Acute aortic dissection and paraganglioma are both rare conditions. Acute aortic dissection is defined as an intimal tear with passage of blood from the aortic lumen into the media, forming a false lumen.1 Paragangliomas are tumors that originate in extra-adrenal chromaffin cells and may or may not produce catecholamines2; they are one of the secondary causes of hypertension, which is a risk factor for aortic dissection.

We present the case of a female patient with type A aortic dissection and paraganglioma, and highlight the rarity of this association.

Case report

A 49-year-old female patient, black, born in Africa but resident in Portugal for 12 years, had a history of hypertension and hyperthyroidism. On May 20, 2010, she suffered headache, self-medicated with nebivolol and bioflavonoids. She then she suffered chest pain with no relieving factors and went to the emergency department of another hospital, where she reported two episodes of vomiting and two of hemoptysis. On observation she was alert, cooperative and oriented in time and space, hypertensive (blood pressure 200/140 mmHg) and with a heart rate of 87 bpm. There were no other abnormalities on physical examination.

Laboratory tests showed hypochromic microcytic anemia, leukocytosis (leukocytes 16200 Ul), thrombocytopenia (platelets 141×109/l), elevated D-dimers (8.01 μg/ml), low-density lipoprotein (1032 U/l), aspartate aminotransferase (60 U/l) and C-reactive protein (2.4 mg/dl), and negative troponin I (0.016 ng/ml).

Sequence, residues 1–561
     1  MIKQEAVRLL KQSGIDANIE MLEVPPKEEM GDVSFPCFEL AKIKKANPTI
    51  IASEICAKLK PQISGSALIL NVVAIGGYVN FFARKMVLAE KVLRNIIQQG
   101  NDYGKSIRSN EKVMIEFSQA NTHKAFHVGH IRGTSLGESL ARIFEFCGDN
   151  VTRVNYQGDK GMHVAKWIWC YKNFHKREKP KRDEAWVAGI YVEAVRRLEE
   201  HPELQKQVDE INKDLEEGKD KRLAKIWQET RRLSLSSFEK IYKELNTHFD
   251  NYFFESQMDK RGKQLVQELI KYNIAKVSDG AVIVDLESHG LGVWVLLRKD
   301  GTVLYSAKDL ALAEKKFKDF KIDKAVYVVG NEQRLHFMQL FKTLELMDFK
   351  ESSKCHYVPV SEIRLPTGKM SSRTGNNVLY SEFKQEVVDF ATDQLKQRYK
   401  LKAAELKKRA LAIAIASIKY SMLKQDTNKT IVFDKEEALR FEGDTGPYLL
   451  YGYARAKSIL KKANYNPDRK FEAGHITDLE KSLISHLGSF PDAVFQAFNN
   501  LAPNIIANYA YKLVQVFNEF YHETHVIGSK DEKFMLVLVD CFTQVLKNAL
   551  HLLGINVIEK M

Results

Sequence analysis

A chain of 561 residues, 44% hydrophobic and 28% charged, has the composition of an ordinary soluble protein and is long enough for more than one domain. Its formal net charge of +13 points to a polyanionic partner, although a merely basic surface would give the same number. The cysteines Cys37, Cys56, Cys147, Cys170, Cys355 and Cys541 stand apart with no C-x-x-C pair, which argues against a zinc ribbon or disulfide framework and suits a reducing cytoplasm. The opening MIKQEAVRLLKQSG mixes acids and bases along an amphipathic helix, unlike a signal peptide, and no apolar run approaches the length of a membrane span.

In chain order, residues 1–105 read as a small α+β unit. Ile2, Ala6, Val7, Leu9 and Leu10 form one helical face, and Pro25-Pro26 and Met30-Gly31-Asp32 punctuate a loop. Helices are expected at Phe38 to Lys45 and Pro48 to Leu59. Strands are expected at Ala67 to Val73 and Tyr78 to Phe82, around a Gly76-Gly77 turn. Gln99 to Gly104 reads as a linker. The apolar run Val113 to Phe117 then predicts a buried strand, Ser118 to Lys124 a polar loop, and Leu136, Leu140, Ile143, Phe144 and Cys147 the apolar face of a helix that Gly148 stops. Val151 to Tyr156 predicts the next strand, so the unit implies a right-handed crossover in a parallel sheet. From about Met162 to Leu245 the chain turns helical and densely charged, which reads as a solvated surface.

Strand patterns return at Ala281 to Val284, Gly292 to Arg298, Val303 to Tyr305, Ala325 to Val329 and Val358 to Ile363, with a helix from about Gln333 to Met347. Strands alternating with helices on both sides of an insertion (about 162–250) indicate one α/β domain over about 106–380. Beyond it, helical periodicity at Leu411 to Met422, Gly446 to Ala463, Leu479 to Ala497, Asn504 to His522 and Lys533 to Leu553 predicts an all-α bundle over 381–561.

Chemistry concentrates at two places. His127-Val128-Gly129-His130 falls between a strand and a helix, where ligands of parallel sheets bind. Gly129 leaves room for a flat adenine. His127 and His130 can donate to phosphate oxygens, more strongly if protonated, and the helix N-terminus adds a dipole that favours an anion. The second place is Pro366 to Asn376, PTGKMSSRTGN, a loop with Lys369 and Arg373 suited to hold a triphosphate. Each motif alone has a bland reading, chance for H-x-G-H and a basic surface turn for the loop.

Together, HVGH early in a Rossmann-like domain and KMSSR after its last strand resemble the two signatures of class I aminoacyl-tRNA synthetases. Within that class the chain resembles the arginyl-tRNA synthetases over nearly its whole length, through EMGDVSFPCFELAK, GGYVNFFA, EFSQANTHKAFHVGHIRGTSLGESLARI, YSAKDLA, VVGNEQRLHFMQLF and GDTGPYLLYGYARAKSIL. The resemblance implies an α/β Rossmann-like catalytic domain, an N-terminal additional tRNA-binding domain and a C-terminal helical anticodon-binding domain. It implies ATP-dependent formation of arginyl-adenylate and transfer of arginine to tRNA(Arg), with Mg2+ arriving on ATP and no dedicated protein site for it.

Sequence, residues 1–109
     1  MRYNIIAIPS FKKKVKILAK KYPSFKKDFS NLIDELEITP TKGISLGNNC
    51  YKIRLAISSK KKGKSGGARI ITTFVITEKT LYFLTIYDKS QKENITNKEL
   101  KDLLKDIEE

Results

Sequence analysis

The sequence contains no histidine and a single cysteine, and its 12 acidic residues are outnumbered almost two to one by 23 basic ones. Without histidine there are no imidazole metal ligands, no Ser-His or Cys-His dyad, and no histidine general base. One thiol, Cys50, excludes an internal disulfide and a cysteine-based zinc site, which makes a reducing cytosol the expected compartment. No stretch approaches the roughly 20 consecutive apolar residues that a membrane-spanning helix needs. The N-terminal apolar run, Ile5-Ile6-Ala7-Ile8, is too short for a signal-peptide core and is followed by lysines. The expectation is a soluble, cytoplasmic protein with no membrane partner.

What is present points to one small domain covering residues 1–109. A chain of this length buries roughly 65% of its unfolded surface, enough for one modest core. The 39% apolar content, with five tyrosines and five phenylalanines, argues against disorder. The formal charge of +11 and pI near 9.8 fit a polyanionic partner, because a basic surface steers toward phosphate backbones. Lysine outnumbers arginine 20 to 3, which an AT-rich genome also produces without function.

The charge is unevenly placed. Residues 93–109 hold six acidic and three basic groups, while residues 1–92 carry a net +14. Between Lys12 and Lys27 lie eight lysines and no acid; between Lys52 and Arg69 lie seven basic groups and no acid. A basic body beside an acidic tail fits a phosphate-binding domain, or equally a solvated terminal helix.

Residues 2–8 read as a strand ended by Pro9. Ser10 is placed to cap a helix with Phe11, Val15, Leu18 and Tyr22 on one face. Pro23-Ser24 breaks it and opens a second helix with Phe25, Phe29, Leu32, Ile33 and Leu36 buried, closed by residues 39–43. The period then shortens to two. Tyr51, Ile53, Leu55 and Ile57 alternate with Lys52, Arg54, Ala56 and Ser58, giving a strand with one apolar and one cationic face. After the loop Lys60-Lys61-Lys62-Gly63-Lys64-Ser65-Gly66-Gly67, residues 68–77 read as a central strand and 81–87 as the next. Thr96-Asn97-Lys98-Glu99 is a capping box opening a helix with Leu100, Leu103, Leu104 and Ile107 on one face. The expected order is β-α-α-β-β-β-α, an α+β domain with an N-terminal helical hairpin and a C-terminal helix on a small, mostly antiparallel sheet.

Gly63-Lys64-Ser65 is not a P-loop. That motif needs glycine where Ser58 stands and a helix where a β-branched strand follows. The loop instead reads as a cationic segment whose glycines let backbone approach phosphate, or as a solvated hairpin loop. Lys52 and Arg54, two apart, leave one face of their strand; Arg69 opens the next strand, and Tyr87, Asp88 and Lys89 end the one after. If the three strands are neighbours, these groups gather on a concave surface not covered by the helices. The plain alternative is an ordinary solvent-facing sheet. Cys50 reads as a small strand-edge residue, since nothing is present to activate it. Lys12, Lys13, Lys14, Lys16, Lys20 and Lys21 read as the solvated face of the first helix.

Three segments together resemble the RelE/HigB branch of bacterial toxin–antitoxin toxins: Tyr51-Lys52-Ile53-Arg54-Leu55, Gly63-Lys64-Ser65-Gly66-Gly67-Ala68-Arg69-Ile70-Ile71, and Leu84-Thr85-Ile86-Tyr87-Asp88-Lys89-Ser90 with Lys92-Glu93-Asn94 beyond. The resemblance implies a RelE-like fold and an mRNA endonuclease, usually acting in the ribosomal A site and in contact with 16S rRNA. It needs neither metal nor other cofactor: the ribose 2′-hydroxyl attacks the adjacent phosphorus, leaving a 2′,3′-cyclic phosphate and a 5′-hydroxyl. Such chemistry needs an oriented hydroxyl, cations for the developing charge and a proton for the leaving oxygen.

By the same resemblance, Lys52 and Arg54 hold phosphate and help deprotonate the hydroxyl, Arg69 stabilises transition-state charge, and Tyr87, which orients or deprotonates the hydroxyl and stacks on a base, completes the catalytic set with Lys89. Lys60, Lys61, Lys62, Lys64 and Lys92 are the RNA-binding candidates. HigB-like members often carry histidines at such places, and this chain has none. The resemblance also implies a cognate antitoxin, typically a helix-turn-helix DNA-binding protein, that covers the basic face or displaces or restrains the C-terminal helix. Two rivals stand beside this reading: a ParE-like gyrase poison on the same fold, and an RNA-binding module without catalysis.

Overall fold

The electrocardiogram (ECG) (Figure 1) showed no significant alterations but the chest X-ray (Figure 2) revealed increased pulmonary vascularity and enlarged cardiac silhouette and mediastinum.

Figure 1.


Figure 2.

Chest X-ray.

These findings prompted an urgent thoracic-abdominal-pelvic computed tomography (CT) angiogram, which showed an aneurysmal aortic dissection that extended from the aortic root to the right common iliac artery; densification of mediastinal fat with no signs of recent hemorrhage; a heterogeneous solid nodular formation around 45 mm in diameter on the right side of the aorta at the level of the emergence of the celiac trunk and in close contact with the inferior vena cava, displacing the hepatic artery anteriorly and displacing and compressing the inferior vena cava laterally; and dilatation of the proximal segment of the inferior vena cava, with a heterogeneous lumen up to the convergence of the renal veins, probably due to thrombosis (Figure 3).

Figure 3.

Thoracic-abdominal-pelvic computed tomography showing aortic dissection (orange arrow) and an echodense mass compatible with a paraganglioma (yellow arrow).